Tuesday, December 15, 2015

How City, State And HUD Promote Bedbug Infestations

Residents of the Gatewood Manor Apartments located at 1238 Lolly Lane in Greensboro have a bedbug problem. They went to their Managing Agent: Harvey Yarbrough but he didn't have the place sprayed.

Now this caught my attention because the Greensboro City Council gave some money to developers on Lolly Lane back in 2013 apparently to get someone to take the property off the City's hands. The strange thing about the Pinegrove Apartments deal is that the County lists that address as a single residence and not an apartment complex.

The other thing I find confusing is that while residents have their mail sent to 1238 Lolly Lane and believe the owner of the Glenwood Manor apartment complex is M & M Properties, PO Box 58, Johnson City, TN. 37605-0058, the Guilford County GIS website shows the address as being 222 Lolly Lane and the owner as being Gatewood Manor Apartments LLC, PO Box 160, Dunn, North Carolina.

Mr Yarbrough's Linkedin profile shows him to be with  M & M Properties in Reidsville, North Carolina. So many layers it's hard to figure these things out.

As the residents are concerned about retaliation since the State Legislature did away with RUCO, I tried calling the local HUD offices to report the issue. All I got was a continuous circle of automated answers that led me to a mail box that doesn't accept messages. Apparently HUD doesn't want to hear it. "Press 3, This caller doesn't subscribe to this service."

(If you'd like to know more about RUCO I highly recommend reading Triad Watch..)

I called the Greensboro Housing Authority, spoke with someone named April and was told the individual tenants would have to call their case workers. I expressed concerns about retaliation from the landlord but she basically blew me off. When I passed that info along to tenants I got the following reply:

"As in the Housing Authority case workers. 'Cause nobody has a case or clue!"

That's exactly the reply I expected I'd get. Most people don't know how to do these things-- especially those who are most likely to be effected.

One of the things that April told me was that Landlords cannot hold tenants responsible for the cost of removing bedbugs. I asked April if she would send that info to me but she said she would not. An online search produced  Bed Bug Notice Allows Owners to Shift Cost to Tenants and Evict Them:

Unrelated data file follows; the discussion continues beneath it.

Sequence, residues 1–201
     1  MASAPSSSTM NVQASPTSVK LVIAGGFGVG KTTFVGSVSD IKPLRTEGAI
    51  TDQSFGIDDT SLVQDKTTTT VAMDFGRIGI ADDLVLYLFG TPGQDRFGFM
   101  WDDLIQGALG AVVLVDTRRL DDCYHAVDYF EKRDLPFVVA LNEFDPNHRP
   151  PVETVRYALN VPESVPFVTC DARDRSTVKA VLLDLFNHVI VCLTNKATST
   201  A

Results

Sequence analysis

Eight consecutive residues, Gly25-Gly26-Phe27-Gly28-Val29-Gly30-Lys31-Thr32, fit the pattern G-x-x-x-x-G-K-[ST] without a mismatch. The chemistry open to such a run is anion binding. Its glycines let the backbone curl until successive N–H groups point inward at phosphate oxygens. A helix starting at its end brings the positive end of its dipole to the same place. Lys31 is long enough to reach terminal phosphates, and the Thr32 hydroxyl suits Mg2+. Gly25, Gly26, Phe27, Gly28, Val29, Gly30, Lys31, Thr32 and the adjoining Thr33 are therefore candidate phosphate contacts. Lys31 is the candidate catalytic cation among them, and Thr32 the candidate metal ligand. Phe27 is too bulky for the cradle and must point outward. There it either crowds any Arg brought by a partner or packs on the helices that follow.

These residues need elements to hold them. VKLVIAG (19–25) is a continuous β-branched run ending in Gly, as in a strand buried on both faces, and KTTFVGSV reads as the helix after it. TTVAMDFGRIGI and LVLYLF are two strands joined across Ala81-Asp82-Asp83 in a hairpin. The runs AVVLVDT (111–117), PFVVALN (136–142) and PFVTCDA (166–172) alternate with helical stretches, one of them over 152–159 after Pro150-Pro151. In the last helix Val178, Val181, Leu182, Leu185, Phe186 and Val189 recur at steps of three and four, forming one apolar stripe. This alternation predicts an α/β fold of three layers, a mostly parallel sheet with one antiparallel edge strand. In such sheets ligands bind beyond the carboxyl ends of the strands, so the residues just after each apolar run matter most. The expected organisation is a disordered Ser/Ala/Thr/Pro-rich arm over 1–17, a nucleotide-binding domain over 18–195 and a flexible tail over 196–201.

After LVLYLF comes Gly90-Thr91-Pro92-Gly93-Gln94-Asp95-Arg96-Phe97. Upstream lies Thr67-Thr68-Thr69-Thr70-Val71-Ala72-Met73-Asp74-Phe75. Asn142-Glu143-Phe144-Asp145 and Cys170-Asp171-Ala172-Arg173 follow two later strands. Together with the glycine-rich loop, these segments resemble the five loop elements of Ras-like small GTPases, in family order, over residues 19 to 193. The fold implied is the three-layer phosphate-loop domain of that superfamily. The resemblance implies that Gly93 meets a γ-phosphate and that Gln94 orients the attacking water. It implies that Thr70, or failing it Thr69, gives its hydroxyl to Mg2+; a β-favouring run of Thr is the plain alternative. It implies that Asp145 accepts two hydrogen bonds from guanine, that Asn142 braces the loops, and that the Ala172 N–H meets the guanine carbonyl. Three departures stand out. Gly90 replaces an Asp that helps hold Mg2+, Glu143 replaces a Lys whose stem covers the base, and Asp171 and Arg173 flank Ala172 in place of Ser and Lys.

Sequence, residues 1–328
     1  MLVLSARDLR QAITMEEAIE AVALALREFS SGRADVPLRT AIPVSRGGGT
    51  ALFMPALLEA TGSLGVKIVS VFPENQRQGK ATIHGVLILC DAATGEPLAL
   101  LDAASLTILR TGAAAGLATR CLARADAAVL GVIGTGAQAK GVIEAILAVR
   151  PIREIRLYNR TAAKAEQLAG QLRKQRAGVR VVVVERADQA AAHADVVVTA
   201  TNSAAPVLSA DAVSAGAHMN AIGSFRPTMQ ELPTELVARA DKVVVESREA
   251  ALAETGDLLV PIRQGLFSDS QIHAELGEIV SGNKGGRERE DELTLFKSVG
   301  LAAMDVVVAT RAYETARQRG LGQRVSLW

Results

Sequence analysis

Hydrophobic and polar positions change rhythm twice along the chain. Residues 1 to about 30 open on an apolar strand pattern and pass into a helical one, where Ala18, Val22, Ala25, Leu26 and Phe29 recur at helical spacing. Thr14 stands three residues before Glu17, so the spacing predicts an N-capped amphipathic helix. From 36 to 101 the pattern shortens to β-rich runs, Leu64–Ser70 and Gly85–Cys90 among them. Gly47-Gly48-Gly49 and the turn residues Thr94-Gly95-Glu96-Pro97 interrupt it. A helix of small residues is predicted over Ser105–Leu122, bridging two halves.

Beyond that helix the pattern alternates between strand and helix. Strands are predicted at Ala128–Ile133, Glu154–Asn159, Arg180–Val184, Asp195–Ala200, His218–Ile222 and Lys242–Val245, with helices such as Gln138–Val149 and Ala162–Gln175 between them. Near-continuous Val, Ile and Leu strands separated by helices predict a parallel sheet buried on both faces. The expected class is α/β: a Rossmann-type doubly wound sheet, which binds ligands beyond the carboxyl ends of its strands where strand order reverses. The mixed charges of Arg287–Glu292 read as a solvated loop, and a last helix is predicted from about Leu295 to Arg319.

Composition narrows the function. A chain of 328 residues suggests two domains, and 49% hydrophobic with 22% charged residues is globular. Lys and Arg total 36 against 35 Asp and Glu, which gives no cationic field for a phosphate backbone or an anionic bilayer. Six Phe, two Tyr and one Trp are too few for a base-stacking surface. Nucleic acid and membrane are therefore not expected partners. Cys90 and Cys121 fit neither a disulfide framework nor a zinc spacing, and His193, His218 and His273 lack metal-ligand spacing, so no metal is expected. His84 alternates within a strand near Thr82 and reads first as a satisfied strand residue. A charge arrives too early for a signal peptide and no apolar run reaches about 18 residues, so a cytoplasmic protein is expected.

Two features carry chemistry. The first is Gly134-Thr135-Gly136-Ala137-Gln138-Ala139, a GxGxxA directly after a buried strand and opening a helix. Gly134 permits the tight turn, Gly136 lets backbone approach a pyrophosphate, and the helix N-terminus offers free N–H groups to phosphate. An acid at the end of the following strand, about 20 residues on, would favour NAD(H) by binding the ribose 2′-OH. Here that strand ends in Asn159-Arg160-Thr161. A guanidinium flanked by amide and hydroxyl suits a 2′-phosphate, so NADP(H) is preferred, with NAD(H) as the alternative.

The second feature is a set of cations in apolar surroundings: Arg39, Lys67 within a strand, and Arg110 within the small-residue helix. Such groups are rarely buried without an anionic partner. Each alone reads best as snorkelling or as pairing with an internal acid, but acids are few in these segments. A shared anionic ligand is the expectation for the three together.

"The new notice deletes a page and a half-long section, “Tenant Rights and Responsibilities.” Eliminated as result is the clear direction that “The tenant will not be expected to contribute to the cost of the [bed bug infestation] treatment effort.” Another section of the August notice also stated that “An owner may not charge a tenant to cover the cost of bed bug treatment.” The new notice instead opens the door to allowing owners to charge tenants for the cost of treating bed bug infestations if it seems to fit HUD’s Family Model Lease provisions pertaining to tenant payment of damages or noncompliance."

Infestations of bedbugs move three ways. The first way is by crawling through tiny cracks between walls, ceilings and floors just as roaches, ants and other insects sometimes do. Their eggs are tiny and just because you don't see any bedbugs doesn't mean there aren't any there. Eggs laid today can go unnoticed and hatch months from now starting the cycle all over again.

The second way is hitchhiking on people. If you or someone you know goes into a bedbug infested house there is a possibility the little bloodsuckers could hop on and hitch a ride back home to your home.

The third way is in used furniture. You know all those huge piles of furniture and possessions you see on the sides of the road in Greensboro's poorer neighborhoods. Residents don't put them there-- landlords do. And landlords do this despite the fact that it is against the law to do so in Greensboro. And then someone comes along and sees a couch or chair better than the one her or she has at home, loads it in the car and hauls couch, bedbugs and all back into their rented home. As one of the residents of Lolly Lane wrote to me:

"The exterminator charges the resident to cover their mattresses in order to protect them for one year of simultaneously infesting, lol! As in my friends case she has brand new mattresses! I'm irate that no one is seemingly accountable for the transference of these bugs nor co-spraying these 4 unit buildings. Where in God's name does this start and end? Un-freaking-believable. Around here infested stuff goes to yes, Goodwill, and to the curb where it is picked up within minutes!"

I had to get clarification on this covering of the mattress. It seems the exterminator places the mattress inside a so called special treated fabric that keeps the mattress safe from bedbug infestations for up to a year. That said, there's nothing stopping the bedbugs from getting in sheets, blankets, quilts and other linen.